Above: Take the Turquoise Trail to Desert Harbor, a retreat casita.

PHOTOGRAPHY BY: COURTESY DESERT HARBOR/

MAGNIFIED JOY PHOTOGRAPHY



CASA GALLINA, TAOS

The arts and culture season continues in Taos this month with the Taos Wool Festival and SOMOS Storytelling Festival. “I love hosting creative people who are here to be inspired,” says Richard Spera, owner and innkeeper of Casa Gallina. “The vibe of town comes back to a nice hum. I have guests who bring their knitting needles and do projects outside.”



Spera opened Casa Gallina 12 years ago, living in one of the five casitas at a time and decorating as if it were home—with a cozy, artisan aesthetic. Embracing bold colors, Spera painted each in royal blue and vibrant reds. Navajo rugs lie on Mexican tiles, and local artwork bedecks every wall. Gather fresh eggs every day from “the girls,” as Spera calls them, and goodies from the garden to cook your own farm-to-table breakfast in the full kitchens. This time of year, you’ll find arugula, kale, and spinach in neat rows, and late-autumn apples in the orchard. Book the Bantam Roost to take in Taos Mountain views from the second-floor deck hammock.



From $195 per night (two-night minimum); 613 Callejon; (575) 758-2306, casagallina.net



 HG Inns Casa Gallina



Above: Hit the deck at Casa Gallina.

PHOTOGRAPHY BY: COURTESY CASA GALLINA



WORTLEY HOTEL, LINCOLN

“No guests gunned down in over 100 years,” proclaims the Wortley Hotel. Once owned by Sheriff Pat Garrett, the hotel was caught in the cross fire of the 1878 Lincoln County War that unfolded between rival merchants and their posses. Today the town, near Ruidoso, serves as a sort of living history museum, with the Lincoln State Historic Site presiding over many of the stone-faced and wooden buildings lining US 380, and the Lincoln County Cowboy Symposium holding court October 7–9.



Partners Troy Nelson and Katharine Marsh recognized that the Wortley was a diamond in the rough and moved their family from Denver to reopen the hotel in January 2016, with a fresh coat of paint and a new farm-to-table bent. Five intimate, whitewashed rooms feature antique furnishings and iron bed frames. The closet-size bathrooms—hey, it’s historic—include sweet touches like Marsh’s handmade soap. They even added a white picket fence.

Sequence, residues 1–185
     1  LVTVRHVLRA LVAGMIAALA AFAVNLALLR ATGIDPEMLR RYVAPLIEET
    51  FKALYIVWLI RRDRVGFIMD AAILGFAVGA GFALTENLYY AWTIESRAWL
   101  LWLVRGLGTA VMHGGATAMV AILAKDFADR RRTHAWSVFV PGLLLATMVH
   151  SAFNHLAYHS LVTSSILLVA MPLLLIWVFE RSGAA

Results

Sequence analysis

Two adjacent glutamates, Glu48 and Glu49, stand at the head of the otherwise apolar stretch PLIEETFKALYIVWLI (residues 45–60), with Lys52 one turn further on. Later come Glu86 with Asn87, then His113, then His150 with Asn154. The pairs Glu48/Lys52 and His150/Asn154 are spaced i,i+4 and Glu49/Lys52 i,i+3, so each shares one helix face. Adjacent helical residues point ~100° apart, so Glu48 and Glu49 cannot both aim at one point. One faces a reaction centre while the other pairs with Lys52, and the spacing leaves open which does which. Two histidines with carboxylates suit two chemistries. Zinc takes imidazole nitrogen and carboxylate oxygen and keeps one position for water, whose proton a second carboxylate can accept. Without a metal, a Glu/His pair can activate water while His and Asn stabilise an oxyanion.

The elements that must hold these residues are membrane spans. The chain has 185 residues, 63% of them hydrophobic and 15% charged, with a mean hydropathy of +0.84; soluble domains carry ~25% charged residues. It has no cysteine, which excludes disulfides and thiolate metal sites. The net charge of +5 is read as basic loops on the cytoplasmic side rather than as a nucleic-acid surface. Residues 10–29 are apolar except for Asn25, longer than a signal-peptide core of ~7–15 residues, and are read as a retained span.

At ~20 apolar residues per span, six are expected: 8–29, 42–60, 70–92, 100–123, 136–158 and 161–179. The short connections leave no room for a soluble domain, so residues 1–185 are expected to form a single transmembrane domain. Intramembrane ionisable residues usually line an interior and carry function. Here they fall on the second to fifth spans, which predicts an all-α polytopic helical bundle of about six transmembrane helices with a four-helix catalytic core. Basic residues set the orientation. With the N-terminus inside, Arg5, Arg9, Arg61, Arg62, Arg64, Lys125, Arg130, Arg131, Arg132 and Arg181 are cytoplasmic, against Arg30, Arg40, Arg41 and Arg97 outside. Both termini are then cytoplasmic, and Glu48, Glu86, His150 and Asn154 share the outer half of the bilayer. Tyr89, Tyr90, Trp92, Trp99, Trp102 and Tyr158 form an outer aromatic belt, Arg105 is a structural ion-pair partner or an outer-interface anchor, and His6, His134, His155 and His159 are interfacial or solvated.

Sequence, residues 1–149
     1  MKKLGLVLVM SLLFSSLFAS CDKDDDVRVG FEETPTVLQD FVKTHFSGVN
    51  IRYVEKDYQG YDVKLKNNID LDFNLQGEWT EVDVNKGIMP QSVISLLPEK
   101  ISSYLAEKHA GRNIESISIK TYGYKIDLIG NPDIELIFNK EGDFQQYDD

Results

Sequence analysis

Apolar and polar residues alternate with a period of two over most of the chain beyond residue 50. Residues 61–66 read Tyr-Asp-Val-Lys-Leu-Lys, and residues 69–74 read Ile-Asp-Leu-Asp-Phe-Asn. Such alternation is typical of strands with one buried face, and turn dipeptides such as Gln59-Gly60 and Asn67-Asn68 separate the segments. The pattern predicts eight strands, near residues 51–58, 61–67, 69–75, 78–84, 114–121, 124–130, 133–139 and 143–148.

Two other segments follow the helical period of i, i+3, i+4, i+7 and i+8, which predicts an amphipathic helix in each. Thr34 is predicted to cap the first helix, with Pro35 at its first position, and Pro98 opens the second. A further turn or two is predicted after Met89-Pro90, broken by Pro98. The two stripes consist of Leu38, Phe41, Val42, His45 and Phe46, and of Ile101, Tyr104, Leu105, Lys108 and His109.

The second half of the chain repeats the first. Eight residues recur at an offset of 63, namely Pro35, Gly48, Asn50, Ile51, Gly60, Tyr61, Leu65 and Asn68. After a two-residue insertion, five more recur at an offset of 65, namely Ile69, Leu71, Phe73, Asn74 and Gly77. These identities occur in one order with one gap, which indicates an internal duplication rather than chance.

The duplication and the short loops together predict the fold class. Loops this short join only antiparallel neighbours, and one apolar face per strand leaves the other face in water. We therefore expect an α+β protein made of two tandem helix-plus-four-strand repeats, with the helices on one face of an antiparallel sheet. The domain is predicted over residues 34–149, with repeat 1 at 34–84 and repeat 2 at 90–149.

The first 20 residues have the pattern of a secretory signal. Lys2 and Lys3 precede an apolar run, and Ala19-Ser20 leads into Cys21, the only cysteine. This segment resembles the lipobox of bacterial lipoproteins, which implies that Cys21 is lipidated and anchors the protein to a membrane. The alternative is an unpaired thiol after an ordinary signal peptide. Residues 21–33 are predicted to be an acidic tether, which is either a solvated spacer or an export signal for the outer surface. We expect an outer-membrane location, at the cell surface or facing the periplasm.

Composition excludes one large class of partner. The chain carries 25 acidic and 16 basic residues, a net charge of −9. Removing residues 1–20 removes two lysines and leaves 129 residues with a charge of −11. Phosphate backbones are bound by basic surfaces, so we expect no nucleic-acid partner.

For breakfast, Nelson whips up a decadent hollandaise-smothered veggie frittata with farm eggs from the coop out back. The goat kids have quickly outnumbered the couple’s two girls, and the owners plan to fold goat cheese into the menu in October and host a weekly tapas night. They’re already open to the public for lunch on Wednesday and Thursday—a boon in Lincoln, where restaurants are in short supply. It’s a fitting reintroduction: Sheriff’s deputies were lunching here when Billy the Kid made his epic escape from the Lincoln Country Courthouse a few doors down.



Take note: Staying here is a technological trip back in time; there’s no Wi-Fi in Lincoln. You’ll hardly notice its absence if you ease through the afternoon in one of the hotel’s front-porch rockers. (There is cell phone service, however.)



From $110 per night; US 380; (575) 653-4300, wortleyhotel.com



BEAR MOUNTAIN LODGE, SILVER CITY

Come for the nature, stay for the art. First homesteaded in 1910, Bear Mountain Lodge includes 178 acres of rolling hills and several miles of maintained hiking trails on the edge of the Gila National Forest. A birding and wildlife haven, this land was deemed so valuable that the Nature Conservancy operated the inn for a decade. Now, a group of seven partners—including several locals—own the lodge.